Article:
Take me to the morgue

By By Christopher Wallace

By Christopher Wallace

Stiff: The Curious Lives of Human CadaversBy Mary RoachNorton$13.95

Everyone wonders what happens when we die. It is one of life’s most fundamental, unanswered questions–unless you decide to donate your body to science. In that case, Mary Roach’s book Stiff can tell you exactly what can happen in the bizarre afterlife of your corpse.

Stiff is the type of book that makes you want to get your body to the crematorium before it even gets cold.

Otherwise–since you’ve probably been persuaded by save-a-life ad campaigns to do the right thing and hand over your organs and tissues posthumously in a “You: Everything must go!” sale–you’ll end up on a bunk in a stack freezer, whittled away bit by bit, an eye here, a hand there.

While Roach describes in detail the morbid and unsettling aspects of the physical body we leave behind (and what scientists do to it), she is delicate and precient enough to show respect for the dead as (former) people and dissociate the corporeal from the spiritual.

The book opens with Roach going behind the scenes at UC-San Francisco into a room filled with disembodied heads resting in roasting pans atop rows of tables. Roach is introduced to Yvonne, the lab manager/decapitator who is wary of squeamish journalists watching the medical students practice surgery on the heads.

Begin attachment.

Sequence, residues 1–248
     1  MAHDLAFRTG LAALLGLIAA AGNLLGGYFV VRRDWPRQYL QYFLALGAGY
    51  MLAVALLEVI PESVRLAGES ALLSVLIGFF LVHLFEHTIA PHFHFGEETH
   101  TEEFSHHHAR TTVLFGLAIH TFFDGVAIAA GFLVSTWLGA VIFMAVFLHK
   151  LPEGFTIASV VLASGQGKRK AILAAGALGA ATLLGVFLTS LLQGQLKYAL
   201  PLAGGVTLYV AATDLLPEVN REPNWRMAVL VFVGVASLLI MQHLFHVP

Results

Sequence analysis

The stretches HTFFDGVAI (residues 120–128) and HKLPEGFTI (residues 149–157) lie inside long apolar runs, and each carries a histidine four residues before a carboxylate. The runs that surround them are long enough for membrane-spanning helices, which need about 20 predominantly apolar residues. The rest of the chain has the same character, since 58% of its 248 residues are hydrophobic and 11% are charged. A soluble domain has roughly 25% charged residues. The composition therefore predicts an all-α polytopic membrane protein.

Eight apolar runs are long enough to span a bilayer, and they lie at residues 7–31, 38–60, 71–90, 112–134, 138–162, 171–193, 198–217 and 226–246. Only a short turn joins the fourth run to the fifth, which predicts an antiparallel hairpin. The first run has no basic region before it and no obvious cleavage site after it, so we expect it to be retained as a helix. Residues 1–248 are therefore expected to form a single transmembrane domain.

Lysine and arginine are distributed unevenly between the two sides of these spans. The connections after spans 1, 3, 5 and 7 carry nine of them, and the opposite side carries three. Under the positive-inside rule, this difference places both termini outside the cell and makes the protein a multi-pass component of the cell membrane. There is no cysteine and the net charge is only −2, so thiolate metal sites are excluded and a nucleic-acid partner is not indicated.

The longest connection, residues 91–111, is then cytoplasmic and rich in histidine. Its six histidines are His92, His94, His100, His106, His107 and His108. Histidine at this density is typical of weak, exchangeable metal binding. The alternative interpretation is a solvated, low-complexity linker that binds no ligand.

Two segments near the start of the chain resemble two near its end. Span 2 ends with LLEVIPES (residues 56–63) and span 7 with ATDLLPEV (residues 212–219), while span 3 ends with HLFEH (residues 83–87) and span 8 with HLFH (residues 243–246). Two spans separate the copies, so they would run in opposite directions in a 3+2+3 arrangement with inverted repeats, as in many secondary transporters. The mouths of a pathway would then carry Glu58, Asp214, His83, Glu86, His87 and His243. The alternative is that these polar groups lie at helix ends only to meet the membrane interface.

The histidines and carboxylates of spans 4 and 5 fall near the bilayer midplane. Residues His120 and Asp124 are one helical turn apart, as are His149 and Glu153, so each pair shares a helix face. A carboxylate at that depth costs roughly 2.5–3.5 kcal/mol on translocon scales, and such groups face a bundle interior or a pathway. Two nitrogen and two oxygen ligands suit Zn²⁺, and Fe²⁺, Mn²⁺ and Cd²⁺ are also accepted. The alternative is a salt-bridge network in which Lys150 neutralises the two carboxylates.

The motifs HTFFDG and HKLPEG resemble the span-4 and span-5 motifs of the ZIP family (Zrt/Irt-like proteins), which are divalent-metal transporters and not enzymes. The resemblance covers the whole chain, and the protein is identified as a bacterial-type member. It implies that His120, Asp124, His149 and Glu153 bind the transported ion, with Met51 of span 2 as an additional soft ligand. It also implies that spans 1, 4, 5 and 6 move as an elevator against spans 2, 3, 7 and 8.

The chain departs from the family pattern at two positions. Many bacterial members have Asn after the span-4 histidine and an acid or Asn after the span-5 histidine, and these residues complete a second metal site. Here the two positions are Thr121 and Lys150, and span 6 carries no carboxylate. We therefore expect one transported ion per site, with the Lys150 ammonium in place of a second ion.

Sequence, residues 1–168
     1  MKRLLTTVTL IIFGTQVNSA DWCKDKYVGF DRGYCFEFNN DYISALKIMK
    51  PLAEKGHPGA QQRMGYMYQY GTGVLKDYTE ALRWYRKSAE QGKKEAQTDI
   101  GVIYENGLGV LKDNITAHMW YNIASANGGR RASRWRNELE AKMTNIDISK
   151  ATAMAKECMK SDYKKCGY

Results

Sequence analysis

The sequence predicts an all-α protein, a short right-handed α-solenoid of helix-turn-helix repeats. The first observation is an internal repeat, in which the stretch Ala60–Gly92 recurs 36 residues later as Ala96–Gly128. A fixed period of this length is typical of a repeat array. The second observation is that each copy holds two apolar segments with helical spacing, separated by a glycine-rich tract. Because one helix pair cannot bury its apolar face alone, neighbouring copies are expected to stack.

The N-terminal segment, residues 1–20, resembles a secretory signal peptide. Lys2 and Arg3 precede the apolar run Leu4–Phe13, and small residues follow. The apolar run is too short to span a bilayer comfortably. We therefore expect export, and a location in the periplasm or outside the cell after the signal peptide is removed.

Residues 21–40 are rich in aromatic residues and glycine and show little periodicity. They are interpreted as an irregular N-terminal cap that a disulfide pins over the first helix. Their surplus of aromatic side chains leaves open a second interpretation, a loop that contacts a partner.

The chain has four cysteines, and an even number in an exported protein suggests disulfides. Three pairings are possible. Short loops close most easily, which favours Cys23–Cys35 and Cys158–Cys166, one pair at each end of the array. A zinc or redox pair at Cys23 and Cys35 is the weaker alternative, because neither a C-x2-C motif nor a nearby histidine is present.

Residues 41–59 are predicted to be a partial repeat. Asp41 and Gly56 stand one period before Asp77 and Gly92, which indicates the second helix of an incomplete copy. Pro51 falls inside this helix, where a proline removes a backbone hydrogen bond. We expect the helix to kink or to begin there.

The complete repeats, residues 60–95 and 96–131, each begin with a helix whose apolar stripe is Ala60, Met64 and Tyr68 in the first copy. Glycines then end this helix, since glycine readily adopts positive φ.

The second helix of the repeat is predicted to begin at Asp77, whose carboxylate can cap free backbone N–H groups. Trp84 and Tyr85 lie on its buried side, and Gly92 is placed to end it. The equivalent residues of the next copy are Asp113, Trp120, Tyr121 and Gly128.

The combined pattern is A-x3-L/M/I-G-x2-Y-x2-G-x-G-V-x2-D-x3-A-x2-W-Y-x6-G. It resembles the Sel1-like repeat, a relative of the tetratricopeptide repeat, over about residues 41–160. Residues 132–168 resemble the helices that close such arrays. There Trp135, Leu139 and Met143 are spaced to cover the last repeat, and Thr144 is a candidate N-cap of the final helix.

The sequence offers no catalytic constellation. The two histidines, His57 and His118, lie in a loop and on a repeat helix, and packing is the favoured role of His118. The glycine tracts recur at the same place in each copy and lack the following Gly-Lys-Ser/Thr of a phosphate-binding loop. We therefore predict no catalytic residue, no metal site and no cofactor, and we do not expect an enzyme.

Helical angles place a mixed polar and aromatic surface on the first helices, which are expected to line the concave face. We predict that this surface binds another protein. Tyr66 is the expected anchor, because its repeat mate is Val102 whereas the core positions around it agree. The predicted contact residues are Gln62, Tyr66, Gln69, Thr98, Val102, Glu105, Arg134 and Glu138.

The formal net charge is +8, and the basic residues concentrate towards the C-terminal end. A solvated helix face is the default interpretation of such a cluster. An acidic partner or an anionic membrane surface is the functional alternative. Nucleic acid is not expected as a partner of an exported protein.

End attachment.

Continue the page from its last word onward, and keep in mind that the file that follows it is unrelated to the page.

There, Roach meets “Ben”–the name strangely given to a head on which two plastic surgeons-in-training are performing a facelift. The students tell Roach that they name the heads in an effort to humanize them out of respect for the person to whom the head was once attached, while at the same time objectifying the parts of cadavers enough to be able to practice their craft on them without losing too much sleep.

Later, Roach visits an expansive ranch where forensic scientists study the ways in which bodies decompose in different environments. Not far from the main building is a field filled with naked corpses in repose, placed in morbid peacefulness evoking the stylism of a Japanese rock garden. Roach is assaulted by the sight and stench of the bodies of people who lived and dreamed and loved but are now rotting and decomposing into the basic elements of matter. Though her companions lose the contents of their stomachs to the gravel driveway, Roach is of sturdier stock. Her retelling of the tour acknowledges the uncannyness of the experience with a gallows humor that is piercingly insightful, provocative and, well, really funny.

Perhaps more importantly, Stiff is thoroughly educational, relating the history of the use of dead human beings in medical experiments–from human crash-test dummies to crucifixion experiments–full of fascinating and surprising facts unknown to the general reader.

Ultimately, Roach’s approach to her topic drives to the very essence of our mortality. By probing the edges of the impropriety of her subject while leaving intact the mystical shroud surrounding the spiritual and metaphysical aspects of death and dying, her narrative is warm and witty–a respectful tale of the skeleton in the closet.